When I was in high school in Michigan and thinking of becoming a writer, I read a lot of different sorts of fiction: Daphne du Maurier, Stephen King, John Le Carre, E.L. Doctorow. I had a wonderful teacher who read RAGTIME aloud to us. In university I studied Ernest Hemingway, F. Scott Fitzgerald, Thomas Hardy, and T.S. Eliot. In the intervening years, I worked as a magazine editor and did not think about writing novels. Recently, when I did decide to give it a go, I’d say I was influenced by A.S. Byatt, Mary Renault, Katherine Neville, Ellis Peters, and Ken Follett.
Left Hands and Porcelain Dogs
An Interview with Jess Faraday
Starvation and disease haunt the streets of 1820s Paris, while supernatural terror stalks the night. The once-famous police force is a shambles, its elite Bureau of Supernatural Investigations disbanded. Only Detective Inspector Elise Corbeau remains, spared by a shadowy protector for a purpose not even she knows. When charismatic cult leader Hermine Boucher is kidnapped, all fingers point to her ex-lover, inventor Maria Kalderash. But the further Inspector Corbeau investigates, the more suspects she turns up, until finally, the finger is pointing right back at the Paris Police.
In historical thriller format, NEW YORK TIMES bestselling Tosca Lee tells this story of Judas, from his tumultuous childhood to his emergence as the man known as the betrayer of Jesus. Moreover, it’s a surprising view into the life of Jesus that forces us to reexamine everything we thought we knew about these famous—and infamous—religious icons.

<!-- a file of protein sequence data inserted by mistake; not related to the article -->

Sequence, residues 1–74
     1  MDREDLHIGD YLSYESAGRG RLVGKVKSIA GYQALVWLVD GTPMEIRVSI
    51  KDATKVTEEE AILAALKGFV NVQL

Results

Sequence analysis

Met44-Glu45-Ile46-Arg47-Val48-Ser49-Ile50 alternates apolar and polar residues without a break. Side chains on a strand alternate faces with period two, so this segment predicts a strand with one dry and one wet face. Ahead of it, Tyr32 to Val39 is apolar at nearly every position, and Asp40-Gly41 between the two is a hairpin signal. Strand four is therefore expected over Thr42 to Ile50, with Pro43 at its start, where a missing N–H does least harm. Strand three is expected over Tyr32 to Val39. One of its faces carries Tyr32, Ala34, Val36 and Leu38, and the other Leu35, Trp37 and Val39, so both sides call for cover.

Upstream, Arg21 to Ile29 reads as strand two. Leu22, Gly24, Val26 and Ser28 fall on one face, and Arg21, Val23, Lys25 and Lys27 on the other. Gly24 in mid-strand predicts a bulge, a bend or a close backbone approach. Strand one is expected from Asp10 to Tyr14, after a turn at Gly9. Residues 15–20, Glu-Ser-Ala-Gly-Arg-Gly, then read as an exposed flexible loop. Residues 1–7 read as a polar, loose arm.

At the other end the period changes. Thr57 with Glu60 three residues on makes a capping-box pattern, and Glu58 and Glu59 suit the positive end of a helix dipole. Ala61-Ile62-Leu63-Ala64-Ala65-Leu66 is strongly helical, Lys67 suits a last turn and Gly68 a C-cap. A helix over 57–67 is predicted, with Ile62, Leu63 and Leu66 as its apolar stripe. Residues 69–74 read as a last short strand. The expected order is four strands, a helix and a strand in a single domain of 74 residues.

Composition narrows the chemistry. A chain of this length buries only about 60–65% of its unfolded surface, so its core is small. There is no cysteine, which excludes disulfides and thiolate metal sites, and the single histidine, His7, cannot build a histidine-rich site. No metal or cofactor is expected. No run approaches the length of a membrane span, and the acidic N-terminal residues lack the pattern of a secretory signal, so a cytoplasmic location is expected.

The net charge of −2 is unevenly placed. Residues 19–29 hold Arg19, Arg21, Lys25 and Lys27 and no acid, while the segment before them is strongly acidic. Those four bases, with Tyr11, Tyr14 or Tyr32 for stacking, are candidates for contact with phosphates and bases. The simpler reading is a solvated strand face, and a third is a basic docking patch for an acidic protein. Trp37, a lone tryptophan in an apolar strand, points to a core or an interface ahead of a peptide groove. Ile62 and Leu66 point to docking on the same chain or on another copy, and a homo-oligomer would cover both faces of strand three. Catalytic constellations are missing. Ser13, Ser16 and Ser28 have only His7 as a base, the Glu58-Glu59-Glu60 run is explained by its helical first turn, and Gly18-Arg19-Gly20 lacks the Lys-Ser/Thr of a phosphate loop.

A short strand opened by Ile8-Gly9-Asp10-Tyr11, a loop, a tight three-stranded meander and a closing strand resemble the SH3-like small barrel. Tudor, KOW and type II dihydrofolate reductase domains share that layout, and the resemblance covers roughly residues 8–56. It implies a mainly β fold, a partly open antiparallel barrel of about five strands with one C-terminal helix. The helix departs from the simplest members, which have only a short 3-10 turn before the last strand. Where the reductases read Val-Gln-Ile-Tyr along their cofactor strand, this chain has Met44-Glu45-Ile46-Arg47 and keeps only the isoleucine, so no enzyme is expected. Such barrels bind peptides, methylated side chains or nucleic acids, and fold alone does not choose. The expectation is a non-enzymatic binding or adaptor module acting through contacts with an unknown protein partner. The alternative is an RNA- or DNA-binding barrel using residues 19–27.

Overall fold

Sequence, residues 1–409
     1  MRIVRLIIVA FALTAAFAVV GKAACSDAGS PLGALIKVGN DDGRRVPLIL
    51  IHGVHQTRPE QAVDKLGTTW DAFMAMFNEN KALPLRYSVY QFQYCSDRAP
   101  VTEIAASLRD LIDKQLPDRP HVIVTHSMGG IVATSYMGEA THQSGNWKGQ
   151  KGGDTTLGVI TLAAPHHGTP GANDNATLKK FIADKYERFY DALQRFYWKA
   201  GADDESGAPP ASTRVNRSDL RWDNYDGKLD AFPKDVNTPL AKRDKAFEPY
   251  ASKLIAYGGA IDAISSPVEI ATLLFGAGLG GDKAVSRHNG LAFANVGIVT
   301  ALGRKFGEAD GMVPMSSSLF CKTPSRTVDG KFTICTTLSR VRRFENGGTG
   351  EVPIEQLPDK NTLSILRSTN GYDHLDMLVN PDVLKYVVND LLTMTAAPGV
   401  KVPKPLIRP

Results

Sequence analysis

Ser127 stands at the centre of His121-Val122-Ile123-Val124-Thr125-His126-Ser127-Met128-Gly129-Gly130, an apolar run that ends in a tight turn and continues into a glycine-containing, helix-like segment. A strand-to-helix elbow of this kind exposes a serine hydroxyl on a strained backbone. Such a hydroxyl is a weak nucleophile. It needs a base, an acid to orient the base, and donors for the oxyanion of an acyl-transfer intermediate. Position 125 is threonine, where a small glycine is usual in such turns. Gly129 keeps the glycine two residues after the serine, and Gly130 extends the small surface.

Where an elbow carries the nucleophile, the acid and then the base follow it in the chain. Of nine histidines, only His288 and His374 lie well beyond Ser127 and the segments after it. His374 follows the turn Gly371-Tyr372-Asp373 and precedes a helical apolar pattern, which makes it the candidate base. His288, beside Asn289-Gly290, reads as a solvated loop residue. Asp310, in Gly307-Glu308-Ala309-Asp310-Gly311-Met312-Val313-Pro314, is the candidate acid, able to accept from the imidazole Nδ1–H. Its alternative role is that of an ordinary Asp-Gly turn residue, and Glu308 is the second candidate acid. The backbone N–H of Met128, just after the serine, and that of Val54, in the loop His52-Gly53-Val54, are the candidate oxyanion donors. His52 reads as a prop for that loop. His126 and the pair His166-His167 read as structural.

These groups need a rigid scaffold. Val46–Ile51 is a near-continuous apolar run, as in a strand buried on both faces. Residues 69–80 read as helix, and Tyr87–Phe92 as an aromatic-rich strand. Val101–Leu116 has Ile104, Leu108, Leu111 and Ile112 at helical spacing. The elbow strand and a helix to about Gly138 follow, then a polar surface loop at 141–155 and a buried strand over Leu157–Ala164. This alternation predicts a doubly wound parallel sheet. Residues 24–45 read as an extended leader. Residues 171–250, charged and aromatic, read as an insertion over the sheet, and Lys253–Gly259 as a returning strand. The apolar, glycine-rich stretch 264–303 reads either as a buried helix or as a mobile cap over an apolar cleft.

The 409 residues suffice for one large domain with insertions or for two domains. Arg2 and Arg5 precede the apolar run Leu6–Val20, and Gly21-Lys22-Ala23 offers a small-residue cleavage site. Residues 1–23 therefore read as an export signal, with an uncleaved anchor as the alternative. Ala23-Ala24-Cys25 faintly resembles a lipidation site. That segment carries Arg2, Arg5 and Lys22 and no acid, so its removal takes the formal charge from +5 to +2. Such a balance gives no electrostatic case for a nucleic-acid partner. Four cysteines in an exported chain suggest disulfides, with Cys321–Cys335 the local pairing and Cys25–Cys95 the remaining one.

Tosca added, “This was really a chance to put myself into the skin of one of the most vilified characters in history. By skin, I mean the oppression of the age. To really hear the national cry for salvation—for freedom—from Rome by the hand of a Messiah when so many would-be messiahs before had failed. We’re all familiar with the story of Judas, his infamous kiss and betrayal of Jesus. But there was so much going on politically, nationally and religiously, in those last decades, like a ticking bomb leading up to the revolt that happened after the death of Jesus.”
Steven James, bestselling author of PLACEBO, said, “A startlingly dark and breathtaking novel. ISCARIOT is both visionary in scope and historically accurate down to the most minute detail—which is an astonishing feat. This is epic, masterful storytelling from one of the most gifted novelists writing today.”
Under investigation by the Foreign Office, Sebastian Danvers, Lord Somerton, is exiled to the country, where he learns his beautiful neighbor, Catherine Ashcroft, has been watching over his estate. Soon, he must face his worst nightmare–protecting Catherine from his sworn enemy? Can he? Or, will he lose his love in this war between England and France?
If you read thrillers, you know the names James Patterson and Clive Cussler.
Patterson and Cussler know Chris Kuzneski.
Patterson says, “Chris Kuzneski’s writing has the same raw power as the early Stephen King.” Cussler adds, “Chris Kuzneski writes as forcefully as his tough characters act.”
With his latest thriller, THE DEATH RELIC, his characters have to be tougher than ever.
What’s at stake in this book, for the heroes personally and for the public at large?
Thanks to the doomsday predictions for 2012, the Maya have been in the news quite a bit lately—at least more than they have been for the past thousand years or so. One of the main reasons there was so much confusion about the end of the Mayan calendar (or, more accurately, the end of the most recent 5,125-year cycle) is because so little is actually known about the Maya.
This historical thriller is about a young Latvian-German aristocrat swept up in the turbulence of World War I, told by the point of view of outsiders, from the perspective of those living in Latvia. By twist of fate, he finds himself a member of the Russian Revolution’s Red Riflemen, a group known colloquially as “Lenin’s Harem.” Aristocratic Wiktor Rooks adapts, survives, finds friendship and love among the Communists, and is betrayed in Stalin’s purges. The tale is comprised of three tragic seductions—an unscrupulous woman, a doomed nation, and a treacherous ideology.